Laura Karpman’s “Ms. Marvel’s Score is as Colorful As the Series Itself

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The music of “Ms. Marvel” is as colorful as the bright, splashy visuals of the Disney+ series, and composer Laura Karpman — who has just finished five months scoring it — relished the challenge.

Karpman frames the situation this way: “How do you bring somebody like a Kamala Khan into the Marvel Universe, give her the kind of dignity and presence of every other major Marvel superhero, and also acknowledge where she came from?”

It was partly due to a close collaboration between executive producer Sana Amanat and the composer, who had specific musical ideas, and even suggested a violinist for unique sounds. She would often spend as much as seven hours a week at the composer’s Los Angeles studio.

Karpman, a five-time Emmy winner who last year scored Marvel’s animated “What If…?”, had already been announced as composer for next year’s big-screen feature “The Marvels”When “Ms. Marvel”This is effectively a prequel. “The Marvels”In February of this year, ), came to her.

“Marvel superhero meets a deep and significant heritage that had to also be a part of the sound of the show,”She spoke about her overall concept of the score. “It’s about representation, about elevating people who have not yet been seen a certain way cinematically. And when I can help with that, that’s really satisfying for me.”

Kamala Khan, also known as Iman Vellani, is a Pakistani American teenager who loves Captain Marvel. She was born with a magical bangle which gives her cosmic energy powers. Her return to Karachi leads her to her grandmother, and she discovers family secrets about the partition of India during the 1940s. The series’ sixth and final episode will air on Wednesday.

Kamala, as a superhero, would require a traditional orchestra. But her heritage suggested that there was a South Asian component to her music. Karpman reminds that “she’s a teenager. Kamala’s theme had to be hip, driven by contemporary beats, dhol beats, tabla beats, or both.”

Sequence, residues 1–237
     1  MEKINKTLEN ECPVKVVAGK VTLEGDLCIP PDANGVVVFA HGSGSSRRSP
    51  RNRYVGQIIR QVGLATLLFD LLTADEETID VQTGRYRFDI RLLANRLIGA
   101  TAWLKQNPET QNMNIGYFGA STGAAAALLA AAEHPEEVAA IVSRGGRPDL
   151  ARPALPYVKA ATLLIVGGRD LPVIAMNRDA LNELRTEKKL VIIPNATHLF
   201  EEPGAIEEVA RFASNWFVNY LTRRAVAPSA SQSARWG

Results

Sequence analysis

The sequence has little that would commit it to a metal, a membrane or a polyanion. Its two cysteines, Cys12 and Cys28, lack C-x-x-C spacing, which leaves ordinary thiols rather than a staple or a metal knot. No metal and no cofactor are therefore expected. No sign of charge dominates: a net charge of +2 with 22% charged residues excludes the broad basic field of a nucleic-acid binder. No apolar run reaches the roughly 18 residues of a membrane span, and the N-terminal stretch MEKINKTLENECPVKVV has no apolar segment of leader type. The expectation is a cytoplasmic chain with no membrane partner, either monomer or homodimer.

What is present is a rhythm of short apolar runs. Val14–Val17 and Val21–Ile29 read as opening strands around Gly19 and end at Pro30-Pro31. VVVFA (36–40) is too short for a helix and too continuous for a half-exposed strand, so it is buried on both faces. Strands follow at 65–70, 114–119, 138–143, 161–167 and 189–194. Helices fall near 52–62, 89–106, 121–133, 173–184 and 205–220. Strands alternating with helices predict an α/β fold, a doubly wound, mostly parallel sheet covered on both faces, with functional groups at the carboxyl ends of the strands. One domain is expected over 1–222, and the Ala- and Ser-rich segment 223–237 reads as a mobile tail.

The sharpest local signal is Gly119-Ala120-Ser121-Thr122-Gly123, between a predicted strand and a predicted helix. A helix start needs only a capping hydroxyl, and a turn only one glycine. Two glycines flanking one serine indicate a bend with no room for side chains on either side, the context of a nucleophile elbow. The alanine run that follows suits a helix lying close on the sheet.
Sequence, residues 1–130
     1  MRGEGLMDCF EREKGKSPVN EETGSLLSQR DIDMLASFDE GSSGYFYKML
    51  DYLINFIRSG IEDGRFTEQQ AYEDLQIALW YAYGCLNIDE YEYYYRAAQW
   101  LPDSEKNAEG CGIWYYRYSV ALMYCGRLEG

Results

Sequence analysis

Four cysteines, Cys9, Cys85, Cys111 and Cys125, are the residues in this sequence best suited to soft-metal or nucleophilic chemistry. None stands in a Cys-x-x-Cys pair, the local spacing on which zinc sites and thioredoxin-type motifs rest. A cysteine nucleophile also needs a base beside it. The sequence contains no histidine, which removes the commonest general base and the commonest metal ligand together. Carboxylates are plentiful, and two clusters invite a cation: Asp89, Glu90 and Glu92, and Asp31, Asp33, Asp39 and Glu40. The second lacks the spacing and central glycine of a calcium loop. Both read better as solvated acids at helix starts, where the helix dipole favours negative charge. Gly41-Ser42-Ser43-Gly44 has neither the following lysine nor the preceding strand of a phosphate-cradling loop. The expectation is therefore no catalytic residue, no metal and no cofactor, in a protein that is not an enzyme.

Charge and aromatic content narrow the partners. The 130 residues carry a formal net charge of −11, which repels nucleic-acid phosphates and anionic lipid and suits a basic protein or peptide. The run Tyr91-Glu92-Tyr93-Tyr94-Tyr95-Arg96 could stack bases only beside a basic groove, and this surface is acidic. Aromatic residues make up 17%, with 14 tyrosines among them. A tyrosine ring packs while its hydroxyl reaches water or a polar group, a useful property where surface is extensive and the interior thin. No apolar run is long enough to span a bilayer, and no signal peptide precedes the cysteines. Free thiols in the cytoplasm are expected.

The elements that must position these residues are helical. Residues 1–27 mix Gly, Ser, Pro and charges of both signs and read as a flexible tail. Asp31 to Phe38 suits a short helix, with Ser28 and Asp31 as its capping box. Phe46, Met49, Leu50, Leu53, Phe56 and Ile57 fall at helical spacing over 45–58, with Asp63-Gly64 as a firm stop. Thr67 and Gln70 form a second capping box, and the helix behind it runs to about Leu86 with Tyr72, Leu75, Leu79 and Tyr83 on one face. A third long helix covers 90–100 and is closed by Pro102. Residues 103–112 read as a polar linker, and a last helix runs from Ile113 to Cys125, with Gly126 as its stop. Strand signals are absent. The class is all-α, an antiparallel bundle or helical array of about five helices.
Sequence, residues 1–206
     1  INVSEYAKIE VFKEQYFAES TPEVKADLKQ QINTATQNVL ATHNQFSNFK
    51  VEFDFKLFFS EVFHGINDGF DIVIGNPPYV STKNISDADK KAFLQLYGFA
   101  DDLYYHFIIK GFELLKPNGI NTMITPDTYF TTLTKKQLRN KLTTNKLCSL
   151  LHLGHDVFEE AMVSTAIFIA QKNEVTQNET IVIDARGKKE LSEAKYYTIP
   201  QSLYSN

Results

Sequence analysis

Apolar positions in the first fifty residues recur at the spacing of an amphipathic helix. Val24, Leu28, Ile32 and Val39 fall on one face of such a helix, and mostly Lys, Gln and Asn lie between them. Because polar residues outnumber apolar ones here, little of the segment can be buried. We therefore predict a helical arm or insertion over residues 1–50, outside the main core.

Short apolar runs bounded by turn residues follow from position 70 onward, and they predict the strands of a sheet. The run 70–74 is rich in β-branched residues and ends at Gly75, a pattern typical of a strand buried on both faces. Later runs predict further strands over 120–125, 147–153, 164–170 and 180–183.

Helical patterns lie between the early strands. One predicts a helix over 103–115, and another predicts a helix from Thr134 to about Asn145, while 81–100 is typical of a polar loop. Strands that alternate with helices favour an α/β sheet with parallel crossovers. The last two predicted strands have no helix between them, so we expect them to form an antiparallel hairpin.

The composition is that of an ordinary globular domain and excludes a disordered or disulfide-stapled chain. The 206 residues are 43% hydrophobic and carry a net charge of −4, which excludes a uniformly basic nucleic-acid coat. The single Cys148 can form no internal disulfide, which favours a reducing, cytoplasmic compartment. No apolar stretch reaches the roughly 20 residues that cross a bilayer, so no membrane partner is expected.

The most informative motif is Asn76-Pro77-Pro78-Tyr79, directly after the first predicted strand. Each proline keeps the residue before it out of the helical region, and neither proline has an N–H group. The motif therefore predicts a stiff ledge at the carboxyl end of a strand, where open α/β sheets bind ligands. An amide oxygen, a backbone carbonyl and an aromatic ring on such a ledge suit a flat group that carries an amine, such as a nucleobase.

South Asian influences were added by a variety of musicians, most of which recorded remotely from India and Pakistan: musicians playing stringed sarangi, sursringar and bansuri flutes, mridangam drums and two soloists: Raaginder (a specialist in Indian classical and South Indian vocal music), and Ganavya, a South Indian-raised violinist.

“I wrote major themes, sent them out, and then saw what came back,”Karpman speaks highly of world-music artists. “But then they’d do a third or fourth take, and sometimes the most interesting stuff was in those takes, when they would start improvising. It was incredibly exciting.”

Karpman mixed these sounds with an orchestra of 70 musicians, recorded each week at the Synchron stage in Vienna. Episode 5 was also recorded entirely in Pakistan by an eight-voice choir composed of South Asian singers, who sang partially in Urdu.

“I brought music and themes that I had written,”She says. “And together, as a group, we came up with the choir sound. Some unbelievably extraordinary things happened in that session. It was lightning in a bottle, not only having to come up with quick ideas based on what was happening in the room, but also what people threw back at me. It was one of the greatest sessions I’ve ever been at in my life.”

The music from episode 5 will be included in volume 2 “Ms. Marvel”The soundtrack is also due for release on Wednesday. Volume 1 contains music from episodes 1-3 and was released June 22.

In addition to Kamala’s theme, there are secondary themes for the bangle, her heritage, a love theme for Aisha and Hasan (Kamala’s great-grandparents) and more. It took a lot of work to produce and process all these acoustic elements.

Karpman does not lose sight of the fact that a television series from Marvel Cinematic Universe is showing viewers both the tragedy and the history of the region. “When you’re introducing people who have no idea what the partition is, and how destructive the diaspora was, you feel a sense of responsibility,”She says.

“I tried to be as authentic as I could be in collaborating with a lot of different musicians. I bring what I can to it, which is a sophisticated orchestral score combined with these incredible elements from a tradition not native to me. I’m glad they asked me to do it.”

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